Barber's Yard, Hertford A conservation plan (prepared by Acanthus Lawrence & Wrightson Architects) secured a difficult planning application to convert these former maltings at Old Cross Wharf, Hertford. © Acanthus Lawrence & Wrightson Architects

Writing policies is the last stage. These should provide practical guidelines which explain how the significance of the site can be retained in any future uses, alterations, maintenance regimes or development. They can relate to individual topics - such as disabled access, restoration, lighting, setting or fabric - or to individual areas of the site. A policy on restoration might, for example, be appropriate for one part of the building and not another.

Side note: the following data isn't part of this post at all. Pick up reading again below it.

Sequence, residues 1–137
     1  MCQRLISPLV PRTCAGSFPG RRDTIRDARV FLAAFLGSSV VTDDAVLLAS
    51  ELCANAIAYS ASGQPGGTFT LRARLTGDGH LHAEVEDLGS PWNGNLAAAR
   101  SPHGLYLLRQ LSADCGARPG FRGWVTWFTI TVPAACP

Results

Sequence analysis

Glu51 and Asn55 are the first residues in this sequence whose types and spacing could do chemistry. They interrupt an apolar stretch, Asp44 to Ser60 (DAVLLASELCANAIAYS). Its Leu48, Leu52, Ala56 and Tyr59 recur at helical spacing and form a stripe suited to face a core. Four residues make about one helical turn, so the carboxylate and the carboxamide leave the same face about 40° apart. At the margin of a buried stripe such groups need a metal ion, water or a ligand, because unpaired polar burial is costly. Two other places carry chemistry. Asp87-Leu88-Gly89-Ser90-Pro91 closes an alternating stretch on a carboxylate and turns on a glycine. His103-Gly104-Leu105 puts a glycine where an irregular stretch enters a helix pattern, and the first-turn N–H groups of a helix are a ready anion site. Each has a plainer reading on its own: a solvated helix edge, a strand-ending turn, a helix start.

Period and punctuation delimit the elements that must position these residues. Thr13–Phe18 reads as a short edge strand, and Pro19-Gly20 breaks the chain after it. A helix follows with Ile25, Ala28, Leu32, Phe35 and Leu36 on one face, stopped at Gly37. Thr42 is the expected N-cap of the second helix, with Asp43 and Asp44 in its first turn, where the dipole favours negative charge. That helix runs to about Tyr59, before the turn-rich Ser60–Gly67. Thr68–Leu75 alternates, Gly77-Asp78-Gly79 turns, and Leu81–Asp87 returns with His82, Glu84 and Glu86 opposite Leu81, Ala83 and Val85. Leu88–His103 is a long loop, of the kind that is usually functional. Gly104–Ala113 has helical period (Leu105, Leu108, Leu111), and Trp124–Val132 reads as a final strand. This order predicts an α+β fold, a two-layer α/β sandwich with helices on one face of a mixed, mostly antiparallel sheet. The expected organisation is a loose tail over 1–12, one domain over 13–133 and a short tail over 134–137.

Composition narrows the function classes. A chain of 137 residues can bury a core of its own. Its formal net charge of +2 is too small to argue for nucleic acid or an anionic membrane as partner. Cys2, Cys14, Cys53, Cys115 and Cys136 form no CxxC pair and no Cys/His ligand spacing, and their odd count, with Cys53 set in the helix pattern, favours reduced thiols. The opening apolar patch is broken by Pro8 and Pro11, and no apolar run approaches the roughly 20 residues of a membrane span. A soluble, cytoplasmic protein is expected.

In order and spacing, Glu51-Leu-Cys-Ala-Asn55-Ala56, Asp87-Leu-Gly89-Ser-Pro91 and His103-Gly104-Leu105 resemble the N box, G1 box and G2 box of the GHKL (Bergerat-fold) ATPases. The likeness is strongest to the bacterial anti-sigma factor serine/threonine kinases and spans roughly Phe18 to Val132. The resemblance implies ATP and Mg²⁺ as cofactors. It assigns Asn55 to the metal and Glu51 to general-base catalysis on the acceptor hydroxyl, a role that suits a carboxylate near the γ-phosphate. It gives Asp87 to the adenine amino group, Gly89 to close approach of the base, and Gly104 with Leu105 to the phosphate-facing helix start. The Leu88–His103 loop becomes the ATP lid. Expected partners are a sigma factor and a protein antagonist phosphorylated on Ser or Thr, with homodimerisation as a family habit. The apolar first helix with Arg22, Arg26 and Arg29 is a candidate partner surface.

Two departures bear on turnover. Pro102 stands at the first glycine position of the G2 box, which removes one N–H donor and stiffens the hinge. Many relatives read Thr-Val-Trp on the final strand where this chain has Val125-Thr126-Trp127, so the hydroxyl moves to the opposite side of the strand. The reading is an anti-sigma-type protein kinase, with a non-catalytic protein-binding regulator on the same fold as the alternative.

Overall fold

Good policies are hard to write. They can involve real debate and a good deal of consultation, which should extend to anyone who has a stake in the site, whether landowners, local authorities, local people or conservation advisers.

The final production should be a document which is well presented, easy to read and informative, but not too long (the hard work nd research can go into appendices) and one which represents as good a degree of consensus as can be achieved.


Once the plan is in place, it is a relatively simple matter to draft management proposals, prioritise expenditure or begin to think about new design opportunities, each of which will benefit from the information in the plan.